Tuesday, February 23, 2016

The Ocean Clean Up Project

At the ripe, young age of 16, Boyan Slat was inspired to take on huge task - ridding the oceans of all plastic. He was inspired to do when on a trip to Greece and "saw more plastic bags than fish" when he looked out into the sea. It was this moment that he decided that something needed to be done. When discussing the issue with others, everyone told him that it was not possible to extract plastic from the ocean once it gets there. He went on to study the issue for over 6 months and used it as the topic for his high school science project. His dedication to the issue didn't stop there, he continued to research and develop a solution with the help of experts in the industry and professors.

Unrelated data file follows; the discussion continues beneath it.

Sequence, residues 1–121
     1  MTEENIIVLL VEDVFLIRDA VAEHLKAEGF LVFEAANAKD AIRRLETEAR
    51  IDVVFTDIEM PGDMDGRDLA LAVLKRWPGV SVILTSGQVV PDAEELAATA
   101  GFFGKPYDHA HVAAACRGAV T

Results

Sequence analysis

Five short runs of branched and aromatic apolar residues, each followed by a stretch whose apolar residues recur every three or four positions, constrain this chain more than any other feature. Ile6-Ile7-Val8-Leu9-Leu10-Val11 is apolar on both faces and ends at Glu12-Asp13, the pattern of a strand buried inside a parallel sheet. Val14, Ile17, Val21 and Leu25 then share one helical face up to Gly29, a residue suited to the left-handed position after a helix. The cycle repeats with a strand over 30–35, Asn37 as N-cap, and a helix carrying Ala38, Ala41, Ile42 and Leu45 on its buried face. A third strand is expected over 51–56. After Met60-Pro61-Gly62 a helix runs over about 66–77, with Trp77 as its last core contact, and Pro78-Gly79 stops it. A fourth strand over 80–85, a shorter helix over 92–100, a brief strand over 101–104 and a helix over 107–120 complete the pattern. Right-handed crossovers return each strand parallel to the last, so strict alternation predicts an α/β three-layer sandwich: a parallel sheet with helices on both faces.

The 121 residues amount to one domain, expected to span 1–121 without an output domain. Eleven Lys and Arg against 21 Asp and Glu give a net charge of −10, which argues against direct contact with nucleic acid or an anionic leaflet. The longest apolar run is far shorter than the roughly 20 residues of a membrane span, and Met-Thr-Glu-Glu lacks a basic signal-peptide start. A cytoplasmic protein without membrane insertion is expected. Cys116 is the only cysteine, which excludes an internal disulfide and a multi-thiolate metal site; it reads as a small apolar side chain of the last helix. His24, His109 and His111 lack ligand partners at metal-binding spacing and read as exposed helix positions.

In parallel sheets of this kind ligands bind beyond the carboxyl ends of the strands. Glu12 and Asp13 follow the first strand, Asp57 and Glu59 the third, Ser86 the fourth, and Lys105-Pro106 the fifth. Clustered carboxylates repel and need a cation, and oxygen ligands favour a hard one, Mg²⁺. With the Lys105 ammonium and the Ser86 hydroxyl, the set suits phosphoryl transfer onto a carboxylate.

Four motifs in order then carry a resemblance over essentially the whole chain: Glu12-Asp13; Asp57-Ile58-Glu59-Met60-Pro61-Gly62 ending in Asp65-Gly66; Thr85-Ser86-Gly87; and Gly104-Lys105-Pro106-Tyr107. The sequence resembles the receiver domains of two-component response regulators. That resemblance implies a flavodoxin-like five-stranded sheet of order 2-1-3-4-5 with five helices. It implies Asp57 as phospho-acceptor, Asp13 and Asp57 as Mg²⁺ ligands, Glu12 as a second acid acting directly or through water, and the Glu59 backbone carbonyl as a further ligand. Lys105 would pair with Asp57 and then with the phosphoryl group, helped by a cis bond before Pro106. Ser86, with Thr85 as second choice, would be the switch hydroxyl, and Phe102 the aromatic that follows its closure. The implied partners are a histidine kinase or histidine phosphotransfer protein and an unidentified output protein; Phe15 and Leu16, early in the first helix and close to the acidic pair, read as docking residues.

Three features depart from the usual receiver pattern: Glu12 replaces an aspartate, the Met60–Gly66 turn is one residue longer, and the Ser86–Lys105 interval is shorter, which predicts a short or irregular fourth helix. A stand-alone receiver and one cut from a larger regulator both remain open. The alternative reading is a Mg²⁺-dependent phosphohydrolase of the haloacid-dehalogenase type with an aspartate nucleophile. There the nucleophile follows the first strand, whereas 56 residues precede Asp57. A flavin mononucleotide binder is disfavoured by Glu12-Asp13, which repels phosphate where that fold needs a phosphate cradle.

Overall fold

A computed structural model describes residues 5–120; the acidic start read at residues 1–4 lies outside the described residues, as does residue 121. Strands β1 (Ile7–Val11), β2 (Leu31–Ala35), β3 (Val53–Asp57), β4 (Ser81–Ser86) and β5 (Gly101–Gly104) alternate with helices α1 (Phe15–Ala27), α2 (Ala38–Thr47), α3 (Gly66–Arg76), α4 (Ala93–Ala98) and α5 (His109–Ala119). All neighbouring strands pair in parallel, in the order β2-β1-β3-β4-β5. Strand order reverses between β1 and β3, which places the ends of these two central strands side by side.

To further understand what Slat was trying to achieve, we need some background on the issue. In a nutshell, there are 8 million tons of plastic that find their way into the ocean every year. All of this plastic collects in places called convergence zones, or gyres. These zones exist due to the ocean currents that push all of the plastic into giant deposits. There are currently 5 major convergence zones on earth: two in the Pacific Ocean, two in the Atlantic ocean and one in the Indian Ocean.

The plastic that accumulates in the ocean has many disastrous effects on the plant and all of its life. Many oceanic creatures are killed every year due to the debris, whether it is via strangulation or ingestion. The plastics also cause harm to humans by releasing toxic chemicals such as PCBs and DDTs into the water when is then absorbed by fish that are consumed as food. The economic impacts are also apparent. Coastal areas spend extraordinary amounts of money to clean up beaches, fishing and shipping areas.